Refounding the Museum in Tempelhof

A Twenty-First Century Museum

The Allied Museum at Tempelhof Airport

Twenty-five years after its founding, the Allied Museum faces new challenges. In order to inform today’s public about the significance of peace, freedom and democracy and the part played by the Western Allies in promoting and preserving them, the Museum needs new approaches and a meaningful historic site. Tempelhof Airport, a powerfully symbolic place in the middle of the city that unites history, the present and the future, offers the proper framework.

By linking the exhibition with urgent contemporary questions, spectacular spatial design, impressive objects and innovative forms of dialogue with visitors, the New Allied Museum in Tempelhof will be a twenty-first-century museum. The planning for this major project is well underway. We expect to open at the new site in around ten years.

AlliiertenMuseum/US Air Force Photograph

Democracy in the Cold War

The Allied Museum’s New Permanent Exhibition

“Freedom City – Democracy in Cold War Berlin“ will be the title of the New Allied Museum’s exhibition in Tempelhof, which will explain how a democracy evolved out of the ruins of Nazi Germany and under the conditions of the Cold War. Berlin, the city of freedom, serves here as a prism for a global conflict of systems between East and West, in which both sides repeatedly threatened to deploy nuclear weapons. 

AlliiertenMuseum/US Air Force Photograph

A site of History

For the future of the allied museum

When the Soviet occupying power cut off basic provisions to West Berlin in June 1948, the Western powers set up an airlift two days later. For nearly one year, people in the encircled Western part of the city were supplied by the “candy bombers.” A central site of this impressive act of international solidarity was Tempelhof Airport. To this day, a memorial and the name of the square on which it stands recall this bridge of friendship.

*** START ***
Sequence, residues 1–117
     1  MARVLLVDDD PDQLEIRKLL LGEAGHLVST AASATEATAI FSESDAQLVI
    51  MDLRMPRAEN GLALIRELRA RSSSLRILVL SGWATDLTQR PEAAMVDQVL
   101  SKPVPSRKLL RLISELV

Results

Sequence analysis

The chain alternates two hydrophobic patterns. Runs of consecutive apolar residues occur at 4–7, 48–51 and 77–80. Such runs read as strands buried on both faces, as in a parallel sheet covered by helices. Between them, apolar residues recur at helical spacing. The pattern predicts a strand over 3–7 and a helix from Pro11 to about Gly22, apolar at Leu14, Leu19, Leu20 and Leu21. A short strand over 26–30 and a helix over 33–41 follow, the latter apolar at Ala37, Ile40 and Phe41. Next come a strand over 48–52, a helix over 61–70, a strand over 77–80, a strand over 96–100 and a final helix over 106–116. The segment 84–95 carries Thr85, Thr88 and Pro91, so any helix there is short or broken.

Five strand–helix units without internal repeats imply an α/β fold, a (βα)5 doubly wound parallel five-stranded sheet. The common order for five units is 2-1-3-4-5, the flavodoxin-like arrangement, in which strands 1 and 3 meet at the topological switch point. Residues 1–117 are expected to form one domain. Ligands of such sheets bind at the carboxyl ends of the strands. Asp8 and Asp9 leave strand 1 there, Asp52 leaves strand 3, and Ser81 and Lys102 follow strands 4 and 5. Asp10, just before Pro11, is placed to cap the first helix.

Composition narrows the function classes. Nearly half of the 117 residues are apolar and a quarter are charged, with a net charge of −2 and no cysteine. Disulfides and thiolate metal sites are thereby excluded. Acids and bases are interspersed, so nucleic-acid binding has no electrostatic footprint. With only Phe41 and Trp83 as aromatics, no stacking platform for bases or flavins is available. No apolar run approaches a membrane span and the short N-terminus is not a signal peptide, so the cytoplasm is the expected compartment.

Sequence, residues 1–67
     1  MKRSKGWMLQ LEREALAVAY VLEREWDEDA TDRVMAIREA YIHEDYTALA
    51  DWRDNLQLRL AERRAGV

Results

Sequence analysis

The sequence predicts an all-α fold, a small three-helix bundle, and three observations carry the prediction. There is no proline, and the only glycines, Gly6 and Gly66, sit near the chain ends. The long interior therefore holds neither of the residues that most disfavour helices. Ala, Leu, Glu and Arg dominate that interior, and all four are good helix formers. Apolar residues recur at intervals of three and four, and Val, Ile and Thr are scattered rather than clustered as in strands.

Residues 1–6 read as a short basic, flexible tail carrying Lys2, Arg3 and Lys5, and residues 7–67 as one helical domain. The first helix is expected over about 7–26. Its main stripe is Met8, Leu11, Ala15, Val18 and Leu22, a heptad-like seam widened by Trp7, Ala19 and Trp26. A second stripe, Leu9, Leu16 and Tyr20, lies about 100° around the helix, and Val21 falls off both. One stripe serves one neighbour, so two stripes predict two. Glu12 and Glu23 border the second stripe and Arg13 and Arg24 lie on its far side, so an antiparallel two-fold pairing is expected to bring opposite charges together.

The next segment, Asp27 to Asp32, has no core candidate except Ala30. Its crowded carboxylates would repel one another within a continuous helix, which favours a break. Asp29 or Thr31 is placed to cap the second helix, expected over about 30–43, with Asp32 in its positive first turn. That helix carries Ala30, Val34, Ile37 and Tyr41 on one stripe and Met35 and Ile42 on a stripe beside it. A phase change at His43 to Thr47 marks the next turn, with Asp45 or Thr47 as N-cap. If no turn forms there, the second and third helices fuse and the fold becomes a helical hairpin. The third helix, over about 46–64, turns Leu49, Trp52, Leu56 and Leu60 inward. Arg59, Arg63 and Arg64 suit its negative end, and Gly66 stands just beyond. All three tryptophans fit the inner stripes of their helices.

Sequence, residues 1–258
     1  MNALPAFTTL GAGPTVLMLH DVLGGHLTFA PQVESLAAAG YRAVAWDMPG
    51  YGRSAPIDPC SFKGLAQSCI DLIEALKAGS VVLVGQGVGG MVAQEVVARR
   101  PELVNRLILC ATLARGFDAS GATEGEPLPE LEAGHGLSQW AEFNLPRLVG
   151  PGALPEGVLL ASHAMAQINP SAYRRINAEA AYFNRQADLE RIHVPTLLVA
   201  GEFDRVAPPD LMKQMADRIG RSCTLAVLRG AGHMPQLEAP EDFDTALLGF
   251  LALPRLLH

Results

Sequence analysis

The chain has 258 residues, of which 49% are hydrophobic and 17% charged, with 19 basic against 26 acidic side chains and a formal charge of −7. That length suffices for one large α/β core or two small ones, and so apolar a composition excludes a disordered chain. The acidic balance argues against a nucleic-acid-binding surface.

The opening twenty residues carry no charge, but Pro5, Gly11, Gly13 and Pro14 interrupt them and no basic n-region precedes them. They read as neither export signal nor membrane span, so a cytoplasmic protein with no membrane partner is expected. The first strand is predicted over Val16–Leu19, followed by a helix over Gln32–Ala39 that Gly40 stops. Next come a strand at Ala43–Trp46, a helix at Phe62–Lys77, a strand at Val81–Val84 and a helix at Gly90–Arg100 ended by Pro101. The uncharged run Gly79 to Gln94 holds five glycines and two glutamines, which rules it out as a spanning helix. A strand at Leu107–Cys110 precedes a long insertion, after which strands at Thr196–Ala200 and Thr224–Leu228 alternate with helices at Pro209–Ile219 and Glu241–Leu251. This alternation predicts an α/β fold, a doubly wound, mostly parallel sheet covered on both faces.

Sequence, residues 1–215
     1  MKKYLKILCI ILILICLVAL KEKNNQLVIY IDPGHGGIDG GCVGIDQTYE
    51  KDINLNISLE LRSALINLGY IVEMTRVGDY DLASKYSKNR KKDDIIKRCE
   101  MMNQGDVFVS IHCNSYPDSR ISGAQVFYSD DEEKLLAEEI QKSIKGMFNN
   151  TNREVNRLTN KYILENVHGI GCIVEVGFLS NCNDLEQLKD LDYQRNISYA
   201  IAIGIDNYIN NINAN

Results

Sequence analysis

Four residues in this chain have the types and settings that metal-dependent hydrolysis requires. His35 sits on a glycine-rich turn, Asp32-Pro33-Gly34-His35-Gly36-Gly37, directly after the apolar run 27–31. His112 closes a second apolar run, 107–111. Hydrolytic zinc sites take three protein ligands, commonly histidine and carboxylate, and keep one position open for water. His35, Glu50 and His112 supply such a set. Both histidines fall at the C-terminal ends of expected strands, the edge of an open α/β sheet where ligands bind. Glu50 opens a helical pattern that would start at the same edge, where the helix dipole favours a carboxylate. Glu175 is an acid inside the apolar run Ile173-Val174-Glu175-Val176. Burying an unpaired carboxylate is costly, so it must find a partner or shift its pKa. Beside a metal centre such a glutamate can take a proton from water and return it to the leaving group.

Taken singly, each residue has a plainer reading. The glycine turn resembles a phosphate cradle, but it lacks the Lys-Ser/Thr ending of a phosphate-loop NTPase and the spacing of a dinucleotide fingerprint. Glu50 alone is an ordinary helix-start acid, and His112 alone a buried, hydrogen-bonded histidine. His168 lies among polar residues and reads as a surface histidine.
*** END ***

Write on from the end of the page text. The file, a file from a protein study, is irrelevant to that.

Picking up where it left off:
The Western powers stayed in West Berlin for many years. Tempelhof remained the headquarters of the US Air Force, which also made the airport into a meeting place with Berliners living in the Western half of the city, whose freedom it defended until the fall of the Iron Curtain and the Berlin Wall.

Tobias Trumpp, T-Base Consulting

EXPERIENCE AN EXTRAORDINARY HISTORIC BUILDING

at the al­lied mu­seum

Tempelhof Airport, with its main building erected starting in 1934, was one of the first major airports in the world. Today, the facility is Europe’s largest monument, whose architectural particularities and complex history exert a powerful attraction. The New Allied Museum in historic Hangar 7 will make this special place both a stage for and a subject of its many-layered exhibition, allowing visitors to experience Tempelhof Airport on multiple levels: as architectural evidence of the Nazi regime, a symbolic site of freedom and a space for creativity, encounter and cooperation.

Tempelhof Projekt GmbH

MORE THAN A MUSEUM

The Al­lied mu­seum as a hotspot in a new ur­ban Quar­ter

With its fascinating and socially relevant exhibitions, current programs and attractive food options, the Allied Museum will thus become a central address in the quarter around the former airport. It will be a meeting place for neighbors from the adjacent districts and not least for the many  visitors to Tempelhof Field park. The site will be easy to reach, with excellent connections by public transportation.

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The Allied Museum at Tempelhof Airport: a vision

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